Thank you for asking me. I’ve enjoyed sharing my writing journey with you and your visitors.

Now it’s your turn to ask your visitors a question. What would you like to know?

I would ask, what kind of hero do you like to see opposite a strong heroine?



Leave a Comment for Your Chance to Win

One person will win an elegant metal bookmark that reads: “faith . . . now faith is being sure of what we hope for and certain of what we do not see . . . hebrews 11:1.”

I’ll choose a winner from those who leave a comment for Vicki on 4/30 (and include an email address when prompted, which I don’t share) and will post the winner’s name 5/1.

Congratulations to Jill, winner of the drawing.


faith bookmark


You could also win a First Sale Scrapbook!

If you’d like to have a chance at winning a First Sale Scrapbook created by your blog hostess, Keli Gwyn, leave a comment on any post. Be sure to include your name and email address when prompted if you want to be entered in the drawing. (Your information will not be shared.) Click red link above to see samples of covers and pages.

If you comment on April 30, you’ll be entered in the April contest, with the drawing to take place May 1. If you comment from May 1 through the end of that month, you’ll be entered in the drawing that will take place June 1.

On both May 1 and June 1, Keli will choose one person who will have her choice of several covers on an 8×8 inch, twenty-page scrapbook in which s/he can document that long-awaited first sale. The pages will cover various milestones including The Call, signing the contract, receiving the first advance payment and holding your “firstborn” in your hands.

(No scrapbooking skills required. You just add your photos and journaling.)


About Keli Gwyn

I'm an award-winning author of inspirational historical romance smitten with the Victorian Era. I'm currently writing for Harlequin's Love Inspired Historical line of wholesome, faith-filled romances. My debut novel, A Bride Opens Shop in El Dorado, California, was released July 1, 2012. I'm represented by Rachelle Gardner of Book & Such Literary. I live in a Gold Rush-era town at the foot of the majestic Sierras. My favorite places to visit are my fictional worlds, other Gold Country towns and historical museums. When I'm not writing I enjoy taking walks, working out at Curves™ and reading.
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9 Responses to Meet Writer Vicki Cato

  1. Jessica says:

    Congrats on the contest placement! And didn’t you get a request with it?
    Sounds like you have some great time periods that you’re working with.

    So, by strong heroine, do you mean stubborn? LOL If so, I think for those kind it’s the laid-back, great-sense-of-humor guy that works best. Just my opinion. 🙂
    Although, I guess all heroines should be strong. So I think maybe the hero should be a man whose strengths are areas where the heroine is weak. If that makes sense.

    Great interview!

  2. Jill says:

    Well done, Vicki. I’m so thrilled about your placement in the 2008 Gotcha Contest. Writing is such a tough job. I’m so glad to be on the journey with you.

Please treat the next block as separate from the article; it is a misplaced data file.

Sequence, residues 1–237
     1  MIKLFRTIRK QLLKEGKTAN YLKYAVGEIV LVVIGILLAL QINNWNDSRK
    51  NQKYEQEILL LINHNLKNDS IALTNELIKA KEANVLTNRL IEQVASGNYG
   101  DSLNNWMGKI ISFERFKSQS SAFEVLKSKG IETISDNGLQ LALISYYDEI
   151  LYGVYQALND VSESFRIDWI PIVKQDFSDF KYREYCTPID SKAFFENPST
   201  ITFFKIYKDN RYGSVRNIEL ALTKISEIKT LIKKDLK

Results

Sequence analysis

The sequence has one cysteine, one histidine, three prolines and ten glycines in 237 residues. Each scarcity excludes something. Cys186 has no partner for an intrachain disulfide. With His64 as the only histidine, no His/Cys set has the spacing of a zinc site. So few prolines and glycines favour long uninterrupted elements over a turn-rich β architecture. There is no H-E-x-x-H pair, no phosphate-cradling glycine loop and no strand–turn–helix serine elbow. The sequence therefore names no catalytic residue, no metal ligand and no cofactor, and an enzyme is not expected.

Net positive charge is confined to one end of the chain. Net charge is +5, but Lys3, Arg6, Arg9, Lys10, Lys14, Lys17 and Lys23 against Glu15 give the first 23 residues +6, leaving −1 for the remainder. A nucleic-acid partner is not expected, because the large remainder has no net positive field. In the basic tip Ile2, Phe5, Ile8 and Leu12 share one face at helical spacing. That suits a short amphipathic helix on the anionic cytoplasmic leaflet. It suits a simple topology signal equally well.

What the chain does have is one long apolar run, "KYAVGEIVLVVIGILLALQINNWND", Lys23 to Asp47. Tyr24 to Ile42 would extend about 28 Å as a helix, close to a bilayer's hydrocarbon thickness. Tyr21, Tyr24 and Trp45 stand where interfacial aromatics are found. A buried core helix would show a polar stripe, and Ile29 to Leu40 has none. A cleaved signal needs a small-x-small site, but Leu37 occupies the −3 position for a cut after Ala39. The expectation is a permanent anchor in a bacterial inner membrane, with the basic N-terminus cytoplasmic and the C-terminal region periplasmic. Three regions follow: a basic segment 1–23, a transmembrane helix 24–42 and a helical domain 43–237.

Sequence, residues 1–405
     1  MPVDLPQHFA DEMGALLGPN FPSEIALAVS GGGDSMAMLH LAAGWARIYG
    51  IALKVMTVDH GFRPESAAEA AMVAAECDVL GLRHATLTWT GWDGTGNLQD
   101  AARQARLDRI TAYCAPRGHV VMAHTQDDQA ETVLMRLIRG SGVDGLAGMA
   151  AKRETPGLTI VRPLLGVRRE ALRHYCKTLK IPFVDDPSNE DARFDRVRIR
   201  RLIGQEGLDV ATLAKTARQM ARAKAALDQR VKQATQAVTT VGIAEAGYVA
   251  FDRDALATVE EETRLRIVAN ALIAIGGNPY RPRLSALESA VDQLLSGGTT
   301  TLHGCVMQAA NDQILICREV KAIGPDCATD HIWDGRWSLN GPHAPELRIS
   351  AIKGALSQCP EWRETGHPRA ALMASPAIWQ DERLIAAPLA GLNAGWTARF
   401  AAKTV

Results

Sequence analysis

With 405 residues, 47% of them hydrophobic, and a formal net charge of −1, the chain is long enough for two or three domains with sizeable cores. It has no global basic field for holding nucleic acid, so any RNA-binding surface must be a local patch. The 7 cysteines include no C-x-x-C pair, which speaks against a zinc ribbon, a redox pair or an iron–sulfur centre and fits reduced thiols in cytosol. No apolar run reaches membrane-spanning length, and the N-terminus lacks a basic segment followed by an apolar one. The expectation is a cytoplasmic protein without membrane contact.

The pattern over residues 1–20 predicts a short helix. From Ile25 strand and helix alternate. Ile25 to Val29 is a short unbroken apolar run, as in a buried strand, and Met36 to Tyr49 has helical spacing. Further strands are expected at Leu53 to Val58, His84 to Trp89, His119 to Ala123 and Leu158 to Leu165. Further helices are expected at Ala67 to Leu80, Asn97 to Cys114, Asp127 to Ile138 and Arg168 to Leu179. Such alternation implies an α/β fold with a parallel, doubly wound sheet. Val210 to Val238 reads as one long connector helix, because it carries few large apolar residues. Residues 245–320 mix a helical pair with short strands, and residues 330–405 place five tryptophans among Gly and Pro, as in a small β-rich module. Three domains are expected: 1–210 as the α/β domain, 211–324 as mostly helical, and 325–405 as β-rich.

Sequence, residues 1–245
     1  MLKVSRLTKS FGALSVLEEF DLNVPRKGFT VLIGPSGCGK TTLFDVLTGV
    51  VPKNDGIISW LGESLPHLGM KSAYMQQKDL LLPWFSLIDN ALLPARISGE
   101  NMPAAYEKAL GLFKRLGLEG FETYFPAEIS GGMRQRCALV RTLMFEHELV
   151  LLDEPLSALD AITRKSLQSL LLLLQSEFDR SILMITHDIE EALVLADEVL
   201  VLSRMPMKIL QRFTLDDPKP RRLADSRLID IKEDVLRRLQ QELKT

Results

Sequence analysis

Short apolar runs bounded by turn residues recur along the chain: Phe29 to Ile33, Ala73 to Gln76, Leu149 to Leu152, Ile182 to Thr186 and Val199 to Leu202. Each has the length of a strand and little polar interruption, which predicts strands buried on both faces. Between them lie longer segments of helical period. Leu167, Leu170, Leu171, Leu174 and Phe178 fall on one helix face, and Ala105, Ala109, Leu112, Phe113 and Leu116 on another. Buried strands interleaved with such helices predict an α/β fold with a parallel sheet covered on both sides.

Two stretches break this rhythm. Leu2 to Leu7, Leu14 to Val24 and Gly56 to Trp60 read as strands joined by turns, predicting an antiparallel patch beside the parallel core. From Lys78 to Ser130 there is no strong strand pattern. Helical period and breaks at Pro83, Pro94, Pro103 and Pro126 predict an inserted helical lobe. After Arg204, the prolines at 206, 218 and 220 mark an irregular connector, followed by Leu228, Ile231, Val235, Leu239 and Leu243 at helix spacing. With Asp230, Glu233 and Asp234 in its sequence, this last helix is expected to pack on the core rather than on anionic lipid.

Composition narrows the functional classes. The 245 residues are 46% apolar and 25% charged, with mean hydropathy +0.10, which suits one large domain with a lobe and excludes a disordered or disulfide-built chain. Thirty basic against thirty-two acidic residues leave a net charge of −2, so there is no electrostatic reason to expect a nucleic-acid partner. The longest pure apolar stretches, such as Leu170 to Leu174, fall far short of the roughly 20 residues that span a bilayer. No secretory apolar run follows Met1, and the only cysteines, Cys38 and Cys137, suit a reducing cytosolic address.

And because I’ve been in some valleys along the way, what’s one piece of advice you can leave for all of us when we get stuck in the valley?

    Love the picture!

  3. Keli Gwyn says:

    Welcome, Vicki. I’ve enjoyed the opportunity to get to know more about you and your writing as we prepared for your interview.

    To answer your question, I think a strong heroine needs a strong hero. That doesn’t mean he has to be a tough-guy alpha male. I’m all for easy-going, easy-on-the-eye beta heroes, too, as long as they have moxie and put it in play when the situation warrants. I like a hero to have traits that complement the heroine’s and want him to be confident enough to push her when she needs it and yet wise enough to know when to back off and let her fight her own battles. And I want him to realize he’ll be a better man with her by his side, even if she is a spunky thing who’s a bit of a handful at times. 🙂

  4. Thanks for this interview Keli and Vicki. And congrats on your placement, Vicki, I’m imagining the dance right now. Such fun!

    Next to a strong heroine, I would love to see an even stronger hero. One that could stop her in her tracks and make her *think*. I love it when the hero is stronger and yet willing to let the heroine shine at times, too.

  5. Kristen says:

    It was so nice to here your writing story. I am an aspiring novelist myself and I always find it helpful to read as much as I write, and I love historical romance set in the south. I just ran across a great book you should check out. It is called Bedlam South by David R. Donaldson and Mark Grisham. I hope you enjoy it.

  6. Anne Barton says:

    Vicki, congrats on your contest placement, and good luck on finishing your latest book! You can do it!


  7. Lynn Rush says:

    Great interview. Congrats on the placement. That’s so exciting!

    I love the strong, silent hero. You know, one who doesn’t say much with words, but you can just know what’s going on with him by his actions. But then, when he does speak, it’s something profound. That’s hard to do with writing, but when I see it, I LOVE IT!

  8. Vicki says:

    Jill asked what piece of advice I have for getting stuck in the valley. I pray first. If it’s getting back into my work after a long abscence, I start with doing a few critiques. Critiquing the work of others has been a tremendous help. I can be more objective with a critique,and often it helps my connect with my own work.


  9. Keli Gwyn says:

    Thanks for being my guest, Vicki, and sharing your writing journey with us.

    I’ve held the drawing for the faith bookmark, and the winner is Jill.

    Congratulations, Jill. I’ll be in touch.

Comments are closed.